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A Great Day for University of Kentucky Athletics

Monument dedicated to Nate Northington, Greg Page, Wilbur Hackett and Houston Hogg
UK Athletics

It was a pretty good weekend for Kentucky football. The University of Kentucky football team finally got a win against a somewhat legitimate opponent. Also, former UK and current Tennessee Titans linebacker Wesley Woodyard was inducted in the UK Football Hall of Fame.

While either of these could be the biggest story coming from last week, it's definitely not. The biggest story happened right in front of the brand new UK football training facility. UK Athletics paid appropriate homage to four men who changed not only University of Kentucky sports, but SEC sports forever.

Let's rewind to 1966. Let's just say if you think race relations are bad now; they were nuclear in the 60s. In July of '67 urban uprisings due to racism had gotten so bad and out of control, President Lyndon B. Johnson created the National Advisory Commission on Civil Disorders later to be called the Kerner Commission.

What did they eventually find? Chairman of the Kerner Commission, Illinois governor Otto Kerner stated the nation is, “moving toward two societies, one black, one white—separate and unequal.” bueno.

Slightly before that revelation in 1966, a young African-American kid by the name of Nate Northington was tearing up the football field for Louisville Thomas Jefferson High School. According to an article by the NKY Tribune, Northington was highly sought after by the University of Louisville and Purdue after leading all Louisville high school teams in scoring and garnering all-state honors.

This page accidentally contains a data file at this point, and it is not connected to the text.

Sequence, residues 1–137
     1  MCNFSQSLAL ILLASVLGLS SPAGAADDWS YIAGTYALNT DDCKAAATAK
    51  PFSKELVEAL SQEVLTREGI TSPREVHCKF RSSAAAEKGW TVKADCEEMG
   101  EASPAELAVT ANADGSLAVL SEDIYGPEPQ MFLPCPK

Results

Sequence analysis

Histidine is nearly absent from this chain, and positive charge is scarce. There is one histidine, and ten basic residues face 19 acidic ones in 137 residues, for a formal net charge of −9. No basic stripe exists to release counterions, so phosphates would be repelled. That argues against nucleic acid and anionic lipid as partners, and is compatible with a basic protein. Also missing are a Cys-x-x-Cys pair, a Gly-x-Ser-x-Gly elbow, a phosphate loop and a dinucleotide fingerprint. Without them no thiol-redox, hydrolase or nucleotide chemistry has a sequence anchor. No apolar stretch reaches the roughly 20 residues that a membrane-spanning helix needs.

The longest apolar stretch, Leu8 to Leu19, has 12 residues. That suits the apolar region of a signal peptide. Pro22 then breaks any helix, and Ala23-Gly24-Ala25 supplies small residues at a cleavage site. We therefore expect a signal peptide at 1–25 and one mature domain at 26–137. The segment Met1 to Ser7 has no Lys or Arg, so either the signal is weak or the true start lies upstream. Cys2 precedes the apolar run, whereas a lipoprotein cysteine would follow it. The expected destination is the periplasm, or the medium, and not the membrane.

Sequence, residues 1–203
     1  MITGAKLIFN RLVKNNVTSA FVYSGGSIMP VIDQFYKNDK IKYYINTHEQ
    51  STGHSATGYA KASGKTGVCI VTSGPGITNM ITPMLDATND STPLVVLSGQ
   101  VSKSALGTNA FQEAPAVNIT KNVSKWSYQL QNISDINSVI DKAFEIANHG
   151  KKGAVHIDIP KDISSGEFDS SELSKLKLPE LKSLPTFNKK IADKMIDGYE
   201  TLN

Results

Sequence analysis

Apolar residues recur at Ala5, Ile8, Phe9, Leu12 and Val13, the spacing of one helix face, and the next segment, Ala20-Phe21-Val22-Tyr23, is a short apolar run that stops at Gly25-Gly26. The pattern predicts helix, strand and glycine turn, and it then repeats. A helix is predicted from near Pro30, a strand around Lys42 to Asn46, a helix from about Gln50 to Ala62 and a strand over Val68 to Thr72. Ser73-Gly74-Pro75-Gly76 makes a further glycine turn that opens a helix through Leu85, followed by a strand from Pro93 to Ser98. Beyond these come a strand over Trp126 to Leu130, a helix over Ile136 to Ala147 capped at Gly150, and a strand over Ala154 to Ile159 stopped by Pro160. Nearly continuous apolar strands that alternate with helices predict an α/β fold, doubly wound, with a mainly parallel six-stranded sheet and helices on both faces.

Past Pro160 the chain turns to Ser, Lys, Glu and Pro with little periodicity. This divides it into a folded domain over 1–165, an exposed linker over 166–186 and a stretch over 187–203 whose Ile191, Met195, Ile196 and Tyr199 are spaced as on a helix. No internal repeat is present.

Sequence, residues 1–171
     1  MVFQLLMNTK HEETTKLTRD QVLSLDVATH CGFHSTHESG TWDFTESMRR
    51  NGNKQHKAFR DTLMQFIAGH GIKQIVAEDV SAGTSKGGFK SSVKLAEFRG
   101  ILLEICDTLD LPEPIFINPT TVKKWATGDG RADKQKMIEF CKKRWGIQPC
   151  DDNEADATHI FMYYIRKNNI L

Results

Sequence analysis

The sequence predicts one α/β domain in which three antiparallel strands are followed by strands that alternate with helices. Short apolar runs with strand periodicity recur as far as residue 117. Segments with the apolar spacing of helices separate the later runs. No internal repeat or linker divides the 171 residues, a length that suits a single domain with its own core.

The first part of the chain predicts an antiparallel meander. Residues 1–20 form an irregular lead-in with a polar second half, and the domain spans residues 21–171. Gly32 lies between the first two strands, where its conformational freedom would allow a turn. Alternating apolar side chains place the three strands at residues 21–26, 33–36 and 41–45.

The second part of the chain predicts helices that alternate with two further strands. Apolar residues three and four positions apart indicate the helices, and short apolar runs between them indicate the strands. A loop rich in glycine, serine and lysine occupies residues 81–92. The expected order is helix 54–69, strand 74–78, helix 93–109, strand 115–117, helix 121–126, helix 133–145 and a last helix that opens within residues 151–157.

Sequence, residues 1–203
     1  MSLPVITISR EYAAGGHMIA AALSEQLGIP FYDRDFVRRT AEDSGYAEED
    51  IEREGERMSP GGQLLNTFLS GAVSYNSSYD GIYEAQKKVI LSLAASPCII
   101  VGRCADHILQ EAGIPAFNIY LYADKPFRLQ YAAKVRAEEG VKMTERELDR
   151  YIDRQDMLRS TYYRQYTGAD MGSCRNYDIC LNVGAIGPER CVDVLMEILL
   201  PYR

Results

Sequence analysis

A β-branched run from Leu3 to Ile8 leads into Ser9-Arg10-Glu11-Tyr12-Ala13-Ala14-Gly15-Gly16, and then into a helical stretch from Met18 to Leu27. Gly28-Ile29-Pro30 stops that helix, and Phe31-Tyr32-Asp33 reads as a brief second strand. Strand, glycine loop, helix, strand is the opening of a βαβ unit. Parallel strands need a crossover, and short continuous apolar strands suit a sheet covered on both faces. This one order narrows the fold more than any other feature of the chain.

During his recruiting process, the University of Kentucky wasn't even on his list. It wasn't even until the current governor and university president encouraged Northington to come to UK. They promised him he wouldn't be the only man of color on their football team.

Even after positive visits to Purdue and UofL, Northington decided to go the road never traveled and joined the Wildcats.

Nate Northington broke the color barrier for SEC football.
Photo from: "Still Running"

Not too long after that Greg Page, a stout defensive end from Middlesboro High School joined Northington as UK signee. A year later, two more trailblazers, Wilbur Hackett and Houston Hogg, would join Northington and Page as a foursome looking to break the color barrier in SEC football.

On September 29, 1967, that foursome would tragically be turned into a trio. After an accident at practice, Greg Page would pass away due to a neck injury prior to the start of their sophomore season. A day later, his close friend and roommate Northington would make sure his legacy would live on at UK.

On September 30th, UK would host SEC-foe Ole Miss. On that day, Nat Northington would step onto Stoll Field and break the color barrier in the SEC. Don't think Northington or any of the four's road to that day was an easy one.

Northington and others have spoken about their experiences on the road for games; sometimes fearing for their well-being while traveling for away games in a segregated south. That didn't stop Northington or any of them from making history.

While Northington would end up transferring to WKU for personal reasons, he did tell Hackett and Hogg to stick around and finish what he and Page had started.

Last Thursday, a statue commemorating what those four did was unveiled in the plaza between the new University of Kentucky Football Training Facility and Commonwealth Stadium.

The bronze statue joins a plaque on north campus commemorating Lyman T. Johnson becoming the first black student at UK and Lyman T. Johnson Hall as an outward sign of African-American achievement at UK.

During the unveiling of the statue, UK Athletics Director Mitch Barnhart said, "No four players in our program’s history have better demonstrated the values of courage, determination, and selflessness than Nate, Greg, Wilbur and Houston."

The next time you're on campus, I highly encourage you to stop by the statue and take a second to honor four men that faced an enormous amount of racism to break the color barrier in the SEC and blaze a trail that UK and SEC athletes continue to travel on today.